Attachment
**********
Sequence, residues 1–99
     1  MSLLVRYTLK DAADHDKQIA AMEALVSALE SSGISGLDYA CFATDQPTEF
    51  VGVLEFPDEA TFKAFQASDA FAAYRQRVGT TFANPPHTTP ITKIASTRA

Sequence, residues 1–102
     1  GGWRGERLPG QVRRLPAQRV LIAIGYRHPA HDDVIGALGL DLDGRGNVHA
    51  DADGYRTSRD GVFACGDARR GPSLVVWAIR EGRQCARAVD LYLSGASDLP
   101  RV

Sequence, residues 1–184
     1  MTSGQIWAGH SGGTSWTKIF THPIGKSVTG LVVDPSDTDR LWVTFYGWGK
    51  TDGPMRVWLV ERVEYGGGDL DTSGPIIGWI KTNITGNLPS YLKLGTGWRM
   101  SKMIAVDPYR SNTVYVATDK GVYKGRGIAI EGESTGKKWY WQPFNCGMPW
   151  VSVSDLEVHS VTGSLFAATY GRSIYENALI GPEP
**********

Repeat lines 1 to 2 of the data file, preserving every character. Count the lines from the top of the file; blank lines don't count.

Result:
Sequence, residues 1–99
     1  MSLLVRYTLK DAADHDKQIA AMEALVSALE SSGISGLDYA CFATDQPTEF